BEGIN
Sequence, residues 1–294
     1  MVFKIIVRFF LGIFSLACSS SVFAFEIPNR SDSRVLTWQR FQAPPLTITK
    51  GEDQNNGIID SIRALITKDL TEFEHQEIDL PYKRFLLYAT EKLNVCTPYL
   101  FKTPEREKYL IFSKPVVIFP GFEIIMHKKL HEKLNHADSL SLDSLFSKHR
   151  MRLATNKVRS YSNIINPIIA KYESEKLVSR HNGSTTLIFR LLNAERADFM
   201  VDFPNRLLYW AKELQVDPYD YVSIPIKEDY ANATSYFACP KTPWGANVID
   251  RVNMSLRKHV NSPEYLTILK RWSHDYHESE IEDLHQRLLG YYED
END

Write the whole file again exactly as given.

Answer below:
Sequence, residues 1–294
     1  MVFKIIVRFF LGIFSLACSS SVFAFEIPNR SDSRVLTWQR FQAPPLTITK
    51  GEDQNNGIID SIRALITKDL TEFEHQEIDL PYKRFLLYAT EKLNVCTPYL
   101  FKTPEREKYL IFSKPVVIFP GFEIIMHKKL HEKLNHADSL SLDSLFSKHR
   151  MRLATNKVRS YSNIINPIIA KYESEKLVSR HNGSTTLIFR LLNAERADFM
   201  VDFPNRLLYW AKELQVDPYD YVSIPIKEDY ANATSYFACP KTPWGANVID
   251  RVNMSLRKHV NSPEYLTILK RWSHDYHESE IEDLHQRLLG YYED